Surveys suggest that employee coaching is becoming a mainstream development activity, much like mentoring, self-directed learning, special assignments, etc. A recent study by the United Kingdom’s Chartered Institute of Personnel and Development (CIPD) found that 71% of British employers now use coaching. A recent survey conducted by the Minneapolis-based CO2 Partners found that half of middle to senior-level executives had experience being coached. The overall conclusion has to be that the use of coaching is increasing and it is no longer limited to C-level managers.

And the meaning of coaching varies widely. A CIPD “guide” to coaching states:

The term ‘coaching’ has come to refer to many different activities…Its early use in the business world often carried a remedial connotation – people were coached because they were underperforming or their behaviour was unsatisfactory. These days, coaching is more usually seen as a means of developing people within an organisation in order that they perform more effectively and reach their potential.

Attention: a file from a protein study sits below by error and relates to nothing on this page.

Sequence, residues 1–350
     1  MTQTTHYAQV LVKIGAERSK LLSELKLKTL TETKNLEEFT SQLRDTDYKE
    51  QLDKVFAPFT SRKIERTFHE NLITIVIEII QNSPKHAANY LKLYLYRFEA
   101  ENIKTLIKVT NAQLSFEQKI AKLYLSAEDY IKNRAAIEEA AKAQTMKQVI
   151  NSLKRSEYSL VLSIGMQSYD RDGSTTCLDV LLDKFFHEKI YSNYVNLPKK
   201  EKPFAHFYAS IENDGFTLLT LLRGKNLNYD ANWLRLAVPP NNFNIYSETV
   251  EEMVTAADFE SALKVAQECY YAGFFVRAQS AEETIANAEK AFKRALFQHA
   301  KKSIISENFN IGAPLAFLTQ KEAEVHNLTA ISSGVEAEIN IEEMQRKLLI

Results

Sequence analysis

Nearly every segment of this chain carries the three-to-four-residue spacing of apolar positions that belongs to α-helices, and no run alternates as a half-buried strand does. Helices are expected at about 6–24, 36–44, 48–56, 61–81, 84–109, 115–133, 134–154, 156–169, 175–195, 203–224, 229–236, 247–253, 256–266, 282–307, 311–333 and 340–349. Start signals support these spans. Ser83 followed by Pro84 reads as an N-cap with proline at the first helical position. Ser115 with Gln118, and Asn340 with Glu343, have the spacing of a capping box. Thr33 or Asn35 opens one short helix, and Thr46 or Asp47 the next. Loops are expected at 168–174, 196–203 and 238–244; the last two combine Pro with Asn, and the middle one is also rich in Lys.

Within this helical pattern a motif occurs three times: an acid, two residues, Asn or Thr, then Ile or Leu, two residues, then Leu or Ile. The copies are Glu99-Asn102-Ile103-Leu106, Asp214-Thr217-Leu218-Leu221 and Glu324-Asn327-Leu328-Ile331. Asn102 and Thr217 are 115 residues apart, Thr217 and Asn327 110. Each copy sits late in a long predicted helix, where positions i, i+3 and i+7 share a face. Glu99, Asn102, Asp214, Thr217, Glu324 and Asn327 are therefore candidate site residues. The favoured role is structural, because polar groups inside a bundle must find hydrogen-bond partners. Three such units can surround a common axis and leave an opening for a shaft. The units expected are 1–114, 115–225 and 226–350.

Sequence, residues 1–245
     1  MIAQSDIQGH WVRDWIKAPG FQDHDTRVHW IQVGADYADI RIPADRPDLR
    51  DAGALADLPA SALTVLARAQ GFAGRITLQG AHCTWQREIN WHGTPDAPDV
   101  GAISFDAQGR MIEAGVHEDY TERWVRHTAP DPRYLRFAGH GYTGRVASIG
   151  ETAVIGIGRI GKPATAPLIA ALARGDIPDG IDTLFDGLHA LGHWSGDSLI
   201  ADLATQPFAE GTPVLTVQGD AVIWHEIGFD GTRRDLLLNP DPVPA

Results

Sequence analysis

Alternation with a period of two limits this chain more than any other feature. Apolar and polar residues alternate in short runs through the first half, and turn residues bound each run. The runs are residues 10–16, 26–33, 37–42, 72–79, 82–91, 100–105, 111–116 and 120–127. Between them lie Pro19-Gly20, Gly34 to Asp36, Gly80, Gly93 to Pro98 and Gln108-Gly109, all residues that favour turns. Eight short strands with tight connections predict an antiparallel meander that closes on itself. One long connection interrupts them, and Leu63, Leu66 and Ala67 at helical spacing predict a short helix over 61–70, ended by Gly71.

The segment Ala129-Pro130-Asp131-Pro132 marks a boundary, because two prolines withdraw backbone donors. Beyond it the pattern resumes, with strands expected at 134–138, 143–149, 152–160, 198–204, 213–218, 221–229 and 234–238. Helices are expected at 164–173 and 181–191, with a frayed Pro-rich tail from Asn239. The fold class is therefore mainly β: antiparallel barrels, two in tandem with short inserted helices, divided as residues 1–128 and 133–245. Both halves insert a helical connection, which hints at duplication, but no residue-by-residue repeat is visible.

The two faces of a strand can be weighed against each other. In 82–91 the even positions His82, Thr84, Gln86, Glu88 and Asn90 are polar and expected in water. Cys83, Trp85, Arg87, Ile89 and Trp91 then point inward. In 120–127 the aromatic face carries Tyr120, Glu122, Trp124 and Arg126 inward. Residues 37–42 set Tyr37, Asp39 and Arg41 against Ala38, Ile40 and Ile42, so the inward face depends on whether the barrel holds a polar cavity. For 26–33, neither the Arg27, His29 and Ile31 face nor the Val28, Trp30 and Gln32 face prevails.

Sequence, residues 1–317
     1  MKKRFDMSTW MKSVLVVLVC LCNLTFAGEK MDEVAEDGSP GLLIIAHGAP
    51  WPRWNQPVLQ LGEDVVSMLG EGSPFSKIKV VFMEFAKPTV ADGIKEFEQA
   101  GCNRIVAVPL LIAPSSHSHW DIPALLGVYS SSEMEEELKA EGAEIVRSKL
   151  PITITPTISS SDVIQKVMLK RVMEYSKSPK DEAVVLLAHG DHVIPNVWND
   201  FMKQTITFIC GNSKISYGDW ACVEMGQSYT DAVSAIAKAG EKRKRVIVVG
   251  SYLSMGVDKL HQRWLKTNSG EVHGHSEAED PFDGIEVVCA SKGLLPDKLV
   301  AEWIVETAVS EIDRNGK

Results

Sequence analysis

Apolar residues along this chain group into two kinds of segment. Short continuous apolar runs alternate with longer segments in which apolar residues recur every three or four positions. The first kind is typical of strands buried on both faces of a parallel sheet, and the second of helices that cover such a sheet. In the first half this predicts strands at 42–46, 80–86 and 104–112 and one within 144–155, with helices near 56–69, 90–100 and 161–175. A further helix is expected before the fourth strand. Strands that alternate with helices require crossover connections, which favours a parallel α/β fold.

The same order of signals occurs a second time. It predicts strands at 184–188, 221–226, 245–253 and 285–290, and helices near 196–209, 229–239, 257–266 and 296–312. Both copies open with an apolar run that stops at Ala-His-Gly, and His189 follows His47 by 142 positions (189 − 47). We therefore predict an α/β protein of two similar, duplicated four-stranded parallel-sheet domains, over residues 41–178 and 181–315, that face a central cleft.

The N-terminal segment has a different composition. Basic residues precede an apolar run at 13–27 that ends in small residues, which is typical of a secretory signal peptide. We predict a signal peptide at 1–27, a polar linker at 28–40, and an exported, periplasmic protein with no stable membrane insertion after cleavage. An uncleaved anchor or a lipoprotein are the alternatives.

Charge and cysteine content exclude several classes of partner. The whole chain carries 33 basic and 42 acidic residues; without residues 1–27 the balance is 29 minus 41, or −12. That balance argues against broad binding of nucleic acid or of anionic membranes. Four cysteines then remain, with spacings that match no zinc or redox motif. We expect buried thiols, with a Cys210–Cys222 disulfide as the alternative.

Also, the delivery of coaching varies greatly from one-on-one, scheduled sessions with an external coaching expert, to internal designated coaches working with managers as needed, to supervisors coaching their direct-reports as part of a performance improvement process. More and more, leadership and management development programs are incorporating coaching as a way to sustain learning after a leadership workshop. And some coaching, much like the directive approach of a sports coach, is teaching and motivating people to do a task more effectively. Achieving a narrow definition of coaching is unlikely and probably not helpful. As the term continues to be applied broadly in organizations it will be imperative to identify the method and learning intention of coaching in each situation.